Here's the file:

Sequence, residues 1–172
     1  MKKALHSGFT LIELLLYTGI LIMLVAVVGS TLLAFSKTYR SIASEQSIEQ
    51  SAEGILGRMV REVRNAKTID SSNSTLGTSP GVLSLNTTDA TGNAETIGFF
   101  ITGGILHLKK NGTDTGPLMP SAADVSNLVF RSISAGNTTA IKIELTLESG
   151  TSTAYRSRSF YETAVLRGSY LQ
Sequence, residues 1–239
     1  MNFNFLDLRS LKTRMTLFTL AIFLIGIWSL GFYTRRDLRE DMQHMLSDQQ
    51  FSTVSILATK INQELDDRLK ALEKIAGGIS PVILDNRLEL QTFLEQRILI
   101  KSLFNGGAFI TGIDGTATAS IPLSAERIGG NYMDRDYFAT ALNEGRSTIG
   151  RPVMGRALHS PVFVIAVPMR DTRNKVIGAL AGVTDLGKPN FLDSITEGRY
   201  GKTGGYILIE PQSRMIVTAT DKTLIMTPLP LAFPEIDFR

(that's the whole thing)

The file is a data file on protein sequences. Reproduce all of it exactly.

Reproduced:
Sequence, residues 1–172
     1  MKKALHSGFT LIELLLYTGI LIMLVAVVGS TLLAFSKTYR SIASEQSIEQ
    51  SAEGILGRMV REVRNAKTID SSNSTLGTSP GVLSLNTTDA TGNAETIGFF
   101  ITGGILHLKK NGTDTGPLMP SAADVSNLVF RSISAGNTTA IKIELTLESG
   151  TSTAYRSRSF YETAVLRGSY LQ
Sequence, residues 1–239
     1  MNFNFLDLRS LKTRMTLFTL AIFLIGIWSL GFYTRRDLRE DMQHMLSDQQ
    51  FSTVSILATK INQELDDRLK ALEKIAGGIS PVILDNRLEL QTFLEQRILI
   101  KSLFNGGAFI TGIDGTATAS IPLSAERIGG NYMDRDYFAT ALNEGRSTIG
   151  RPVMGRALHS PVFVIAVPMR DTRNKVIGAL AGVTDLGKPN FLDSITEGRY
   201  GKTGGYILIE PQSRMIVTAT DKTLIMTPLP LAFPEIDFR